Title

Oocyte control of metabolic cooperativity between oocytes and companion granulosa cells: energy metabolism.

Document Type

Article

Publication Date

2005

Keywords

Cell-Communication, Citric-Acid-Cycle, Cloning-Molecular, Energy-Metabolism, Enzymes, Gene-Expression-Regulation, Granulosa-Cells, Meiosis, Mice-Inbred-C57BL, Oocytes, Ovarian-Follicle, RNA-Messenger, Restriction-Mapping, Transcription-Genetic

JAX Source

Dev Biol 2005 Mar; 279(1):20-30.

Abstract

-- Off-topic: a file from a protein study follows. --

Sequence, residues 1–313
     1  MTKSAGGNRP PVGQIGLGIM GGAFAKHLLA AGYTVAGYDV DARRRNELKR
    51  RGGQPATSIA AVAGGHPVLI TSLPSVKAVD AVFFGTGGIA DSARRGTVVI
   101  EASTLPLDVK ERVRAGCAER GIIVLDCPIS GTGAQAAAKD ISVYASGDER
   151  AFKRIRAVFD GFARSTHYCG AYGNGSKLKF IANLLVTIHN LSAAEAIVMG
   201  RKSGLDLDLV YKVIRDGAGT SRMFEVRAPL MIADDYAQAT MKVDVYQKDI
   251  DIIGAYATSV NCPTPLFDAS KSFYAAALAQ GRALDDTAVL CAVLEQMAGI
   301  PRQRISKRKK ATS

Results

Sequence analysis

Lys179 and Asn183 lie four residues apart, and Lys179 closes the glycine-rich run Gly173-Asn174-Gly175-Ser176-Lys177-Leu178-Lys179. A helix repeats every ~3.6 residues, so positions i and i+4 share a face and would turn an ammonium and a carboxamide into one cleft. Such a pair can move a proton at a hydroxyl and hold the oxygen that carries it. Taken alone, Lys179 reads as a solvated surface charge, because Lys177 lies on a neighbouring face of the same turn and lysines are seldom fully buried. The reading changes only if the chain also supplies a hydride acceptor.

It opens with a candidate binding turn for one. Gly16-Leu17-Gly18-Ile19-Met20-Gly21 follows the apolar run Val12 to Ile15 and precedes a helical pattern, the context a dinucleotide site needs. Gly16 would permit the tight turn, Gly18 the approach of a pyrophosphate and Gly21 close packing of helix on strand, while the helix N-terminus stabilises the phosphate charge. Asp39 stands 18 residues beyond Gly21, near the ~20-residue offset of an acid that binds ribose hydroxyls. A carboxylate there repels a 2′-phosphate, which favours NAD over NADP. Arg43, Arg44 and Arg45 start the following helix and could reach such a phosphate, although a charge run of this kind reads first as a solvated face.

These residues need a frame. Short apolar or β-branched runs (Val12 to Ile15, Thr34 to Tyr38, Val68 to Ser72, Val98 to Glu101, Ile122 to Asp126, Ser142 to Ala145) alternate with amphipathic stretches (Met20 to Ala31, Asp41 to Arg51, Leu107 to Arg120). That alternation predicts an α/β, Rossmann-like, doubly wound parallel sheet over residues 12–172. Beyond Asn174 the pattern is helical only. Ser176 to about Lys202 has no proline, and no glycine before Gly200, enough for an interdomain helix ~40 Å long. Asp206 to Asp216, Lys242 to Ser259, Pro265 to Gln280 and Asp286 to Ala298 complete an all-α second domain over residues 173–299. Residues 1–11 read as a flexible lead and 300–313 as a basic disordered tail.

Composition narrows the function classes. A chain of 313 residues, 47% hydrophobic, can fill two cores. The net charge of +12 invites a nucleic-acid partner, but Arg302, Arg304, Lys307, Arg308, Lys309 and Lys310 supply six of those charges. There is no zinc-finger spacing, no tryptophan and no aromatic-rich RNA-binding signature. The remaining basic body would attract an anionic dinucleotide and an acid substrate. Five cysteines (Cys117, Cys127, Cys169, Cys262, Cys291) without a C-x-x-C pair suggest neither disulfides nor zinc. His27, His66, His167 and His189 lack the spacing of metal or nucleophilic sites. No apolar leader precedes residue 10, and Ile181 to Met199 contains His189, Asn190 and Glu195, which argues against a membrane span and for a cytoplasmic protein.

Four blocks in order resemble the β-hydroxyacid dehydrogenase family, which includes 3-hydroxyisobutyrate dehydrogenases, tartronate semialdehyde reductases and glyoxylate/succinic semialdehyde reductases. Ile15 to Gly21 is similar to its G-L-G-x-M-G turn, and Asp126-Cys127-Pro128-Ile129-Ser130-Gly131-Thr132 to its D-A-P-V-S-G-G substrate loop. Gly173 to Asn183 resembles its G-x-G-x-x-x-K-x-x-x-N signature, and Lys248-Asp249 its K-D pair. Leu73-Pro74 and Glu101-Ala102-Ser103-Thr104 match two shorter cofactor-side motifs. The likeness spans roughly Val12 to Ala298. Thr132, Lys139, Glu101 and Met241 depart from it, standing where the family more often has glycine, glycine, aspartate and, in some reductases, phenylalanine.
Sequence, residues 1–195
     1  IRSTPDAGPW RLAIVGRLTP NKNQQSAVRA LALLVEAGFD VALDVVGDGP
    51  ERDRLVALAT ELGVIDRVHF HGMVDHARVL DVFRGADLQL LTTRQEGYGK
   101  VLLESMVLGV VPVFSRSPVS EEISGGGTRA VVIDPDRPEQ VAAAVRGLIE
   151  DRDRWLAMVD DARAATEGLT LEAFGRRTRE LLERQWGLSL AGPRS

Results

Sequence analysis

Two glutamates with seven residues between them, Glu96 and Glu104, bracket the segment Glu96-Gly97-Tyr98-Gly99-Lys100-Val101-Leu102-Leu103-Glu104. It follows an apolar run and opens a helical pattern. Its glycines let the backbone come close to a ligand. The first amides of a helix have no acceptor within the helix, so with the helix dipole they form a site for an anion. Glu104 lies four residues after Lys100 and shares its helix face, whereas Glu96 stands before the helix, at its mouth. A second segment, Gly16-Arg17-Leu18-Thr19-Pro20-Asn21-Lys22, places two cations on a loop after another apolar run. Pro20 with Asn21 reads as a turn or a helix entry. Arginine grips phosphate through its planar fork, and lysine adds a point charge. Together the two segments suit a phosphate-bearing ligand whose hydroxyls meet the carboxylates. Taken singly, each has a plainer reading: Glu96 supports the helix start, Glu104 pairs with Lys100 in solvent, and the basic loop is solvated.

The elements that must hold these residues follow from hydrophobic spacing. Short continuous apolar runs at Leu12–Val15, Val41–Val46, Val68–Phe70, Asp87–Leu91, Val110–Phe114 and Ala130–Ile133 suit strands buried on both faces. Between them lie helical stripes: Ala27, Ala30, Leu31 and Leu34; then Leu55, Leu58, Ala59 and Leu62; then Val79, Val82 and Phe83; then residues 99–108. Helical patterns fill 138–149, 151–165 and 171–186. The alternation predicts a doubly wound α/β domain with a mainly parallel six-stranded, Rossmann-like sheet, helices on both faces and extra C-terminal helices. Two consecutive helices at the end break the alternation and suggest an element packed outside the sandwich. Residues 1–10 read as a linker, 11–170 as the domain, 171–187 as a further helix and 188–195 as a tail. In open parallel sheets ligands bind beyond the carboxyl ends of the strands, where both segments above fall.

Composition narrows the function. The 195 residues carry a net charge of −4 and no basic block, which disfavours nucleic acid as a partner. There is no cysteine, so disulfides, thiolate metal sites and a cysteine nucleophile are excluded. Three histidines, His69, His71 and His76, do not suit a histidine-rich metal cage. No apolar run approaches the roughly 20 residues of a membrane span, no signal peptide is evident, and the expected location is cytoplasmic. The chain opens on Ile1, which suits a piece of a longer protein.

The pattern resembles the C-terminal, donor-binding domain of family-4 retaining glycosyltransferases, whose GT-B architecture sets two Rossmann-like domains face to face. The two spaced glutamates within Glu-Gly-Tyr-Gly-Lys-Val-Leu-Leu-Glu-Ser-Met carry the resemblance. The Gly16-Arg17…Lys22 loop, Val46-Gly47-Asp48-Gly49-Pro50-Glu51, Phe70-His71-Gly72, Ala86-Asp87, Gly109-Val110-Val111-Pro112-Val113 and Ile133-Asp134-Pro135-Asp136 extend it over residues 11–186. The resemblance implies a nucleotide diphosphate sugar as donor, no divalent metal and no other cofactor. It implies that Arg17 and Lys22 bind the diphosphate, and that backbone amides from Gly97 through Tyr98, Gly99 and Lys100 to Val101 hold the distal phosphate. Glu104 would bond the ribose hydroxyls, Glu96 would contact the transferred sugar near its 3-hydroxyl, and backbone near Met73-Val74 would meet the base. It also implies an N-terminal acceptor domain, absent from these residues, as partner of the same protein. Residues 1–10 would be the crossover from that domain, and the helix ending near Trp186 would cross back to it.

Intercellular communication between oocytes and granulosa cells is essential for normal follicular differentiation and oocyte development. Subtraction hybridization was used to identify genes more highly expressed in cumulus cells than in mural granulosa cells of mouse antral follicles. This screen identified six genes involved in glycolysis: Eno1, Pkm2, Tpi, Aldoa, Ldh1, and Pfkp. When oocytes were microsurgically removed from cumulus cell-oocyte complexes, the isolated cumulus cells exhibited decreased expression levels of genes encoding glycolytic enzymes, glycolysis and activity of the tricarboxylic acid (TCA) cycle. These decreases were prevented by culturing the cumulus cells with paracrine factors secreted by fully grown oocytes. Paracrine factors from fully grown oocytes exhibited greater ability than those from growing oocytes to promote expression of genes encoding glycolytic enzymes and glycolysis in the granulosa cells of preantral follicles. However, neither fully grown nor growing oocytes secreted paracrine factors affecting activity of the TCA cycle. These results indicate that oocytes regulate glycolysis and the TCA cycle in granulosa cells in a manner specific to the population of granulosa cells and to the stage of growth and development of the oocyte. Oocytes control glycolysis in granulosa cells by regulating expression levels of genes encoding glycolytic enzymes. Therefore, mouse oocytes control the intercellular metabolic cooperativity between cumulus cells and oocytes needed for energy production by granulosa cells and required for oocyte and follicular development.

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